Sunday, June 28, 2009
North to Damascus- Hooray!
I kind of feel like I'm back from the dead! Nice, enjoyable long (but not too long) run today with very little rib pain!
To review, exactly 2 weeks ago, I fell & cracked a rib on the Appalachian Trail in Georgia. I continued running 71 miles over the next 3 days. When I got home, it got worse. Exactly 1 week ago, I was in the Emergency Room & thought there was an outside chance I would die from a blood clot, which the Urgent Care doctor told me I had before rushing me to the ER. After injecting me with morphine, doing more blood tests & giving me a CT Scan, they ruled out the blood clot but said my lung was crushed a little in the fall & fluid was seeping in where it shouldn't. They gave me ibuprofen, which I'd already been taking, but for some reason, I feel remarkably better the next day. Coincidence. I ran 7 miles 2 days after the hospital which hurt & got in a couple more 7-9 milers with mild pain. I had to walk a couple of times two of the days.
Hannah was supposed to run with me this weekend, but I haven't been in contact with her much between her Outward Bound trip to New Zealand and working at a camp. I found out on my way up to the mountains I'd be going alone due to another committment she had. It's just as well anyway. She's so much faster than me when I'm 100%. With busted ribs, who knows how much I'd hold her back?
The section of Appalachian Trail from 421 near Shady Valley, TN to Damascus, VA is 15.0 miles- about 15.5 from where I stopped and looks easy on paper. The elevation starts at around 3300', goes up to about 3950' and does some gradual ups & downs, but dumps you out in Damascus at 1950'. Sue Norwood's report of this section says not only is the elevation easy- the trail surface is very runnable too. Still, every time I think I'm in for an easy day on the AT, it always turns out harder than I thought. "How in the world could they fit any more rocks on this stupid trail?!" I've been known to say late in a run. Or, "Do we have to go up every single mountain from here to Maine?!" I've been on several "easy" downhills that are just covered with jagged rocks or strewn with huge boulders you have to use your hands to climb down.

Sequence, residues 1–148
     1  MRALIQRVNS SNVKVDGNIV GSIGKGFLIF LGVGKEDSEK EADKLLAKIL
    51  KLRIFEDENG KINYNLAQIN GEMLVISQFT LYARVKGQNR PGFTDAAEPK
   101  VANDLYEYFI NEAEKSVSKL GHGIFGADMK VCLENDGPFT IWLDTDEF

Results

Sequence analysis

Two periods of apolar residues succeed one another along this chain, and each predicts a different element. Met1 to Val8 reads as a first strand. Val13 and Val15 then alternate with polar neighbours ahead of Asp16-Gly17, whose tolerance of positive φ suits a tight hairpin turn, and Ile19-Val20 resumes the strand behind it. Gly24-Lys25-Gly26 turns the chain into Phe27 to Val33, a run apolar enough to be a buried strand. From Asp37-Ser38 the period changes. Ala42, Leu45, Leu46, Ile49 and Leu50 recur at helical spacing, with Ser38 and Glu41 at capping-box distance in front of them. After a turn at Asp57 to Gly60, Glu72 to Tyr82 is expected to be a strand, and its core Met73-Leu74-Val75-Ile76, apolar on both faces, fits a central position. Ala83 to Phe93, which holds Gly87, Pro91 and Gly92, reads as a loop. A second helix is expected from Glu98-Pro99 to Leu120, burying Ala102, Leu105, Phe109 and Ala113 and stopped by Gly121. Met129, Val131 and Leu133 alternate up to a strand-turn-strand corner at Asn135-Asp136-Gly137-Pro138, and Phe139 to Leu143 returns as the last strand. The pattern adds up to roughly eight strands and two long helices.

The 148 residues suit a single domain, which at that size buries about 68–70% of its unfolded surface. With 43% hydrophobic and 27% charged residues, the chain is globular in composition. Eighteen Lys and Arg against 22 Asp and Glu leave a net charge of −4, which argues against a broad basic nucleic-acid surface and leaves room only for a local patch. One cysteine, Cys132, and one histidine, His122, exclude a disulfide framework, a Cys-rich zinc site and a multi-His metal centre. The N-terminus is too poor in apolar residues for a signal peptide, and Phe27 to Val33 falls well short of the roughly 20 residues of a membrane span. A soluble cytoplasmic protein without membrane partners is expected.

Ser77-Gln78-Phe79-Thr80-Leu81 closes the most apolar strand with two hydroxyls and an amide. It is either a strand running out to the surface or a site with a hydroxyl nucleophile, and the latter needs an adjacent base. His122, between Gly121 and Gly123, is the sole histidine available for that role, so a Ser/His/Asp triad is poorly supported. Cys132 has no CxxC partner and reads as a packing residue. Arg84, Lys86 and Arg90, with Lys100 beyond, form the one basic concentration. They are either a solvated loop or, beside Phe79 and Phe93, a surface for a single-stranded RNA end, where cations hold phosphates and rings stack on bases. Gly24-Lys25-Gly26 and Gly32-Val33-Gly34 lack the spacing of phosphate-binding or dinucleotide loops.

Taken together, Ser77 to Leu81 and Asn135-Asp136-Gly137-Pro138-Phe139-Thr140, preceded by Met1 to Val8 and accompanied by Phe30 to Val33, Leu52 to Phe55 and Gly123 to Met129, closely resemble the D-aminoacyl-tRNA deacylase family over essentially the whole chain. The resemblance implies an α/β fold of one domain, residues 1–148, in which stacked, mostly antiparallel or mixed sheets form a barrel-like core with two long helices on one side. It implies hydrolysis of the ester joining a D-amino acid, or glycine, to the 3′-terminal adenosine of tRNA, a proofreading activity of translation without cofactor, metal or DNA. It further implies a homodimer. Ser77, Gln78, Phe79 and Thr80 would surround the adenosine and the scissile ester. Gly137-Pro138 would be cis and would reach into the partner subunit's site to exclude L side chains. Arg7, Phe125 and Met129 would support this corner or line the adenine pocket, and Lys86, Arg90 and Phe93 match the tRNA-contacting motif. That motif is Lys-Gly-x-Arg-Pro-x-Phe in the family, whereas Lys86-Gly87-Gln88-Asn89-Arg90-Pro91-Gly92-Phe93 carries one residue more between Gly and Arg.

I was pleasantly surprised today though! The section was by far the easiest section of AT I've ever done. The hardest climbs were only 300-500', there weren't many of them & they were gradual. No need for switchbacks- just long stretches of straight runnable trail. I could've run 100% of this section, but not knowing it, I left some in the tank. I still ran maybe 93%. Told Jennifer it would take me 4-5 hours to run the 15.5 miles. Turns out, I finished in 3:07. No need for water fill-ups. Took a couple of pictures, but besides that, no stops. The trail went along ridgelines for the most part, so if there were no leaves on the trees, you'd probably have nice views to the left & right almost the whole way.
Best of all, I experienced almost NO pain! Having a huge bruise on my arm from the IV last weekend is a reminder of what I could've been facing. There for a little bit, I thought at best, I was looking at 2-3 days in the hospital, blood thinning medication, no activity for 3 weeks... something like that. Or is a blood clot something they operate for? I didn't know. Knowing that I'm back & able to do what I want to do is unbelievably encouraging. Now, I know, running mostly downhill isn't too hard. :) But still, I was out there over 3 hours with almost no pain.
Is this a good idea with the lung problem? I dunno. I think it's OK. The ER doctor has done triathlons & was a little evasive when I asked her about running. She said I could run as long as it felt OK. I'm going for a follow-up visit in a few days.
Grinning from ear to ear that I'm back to running!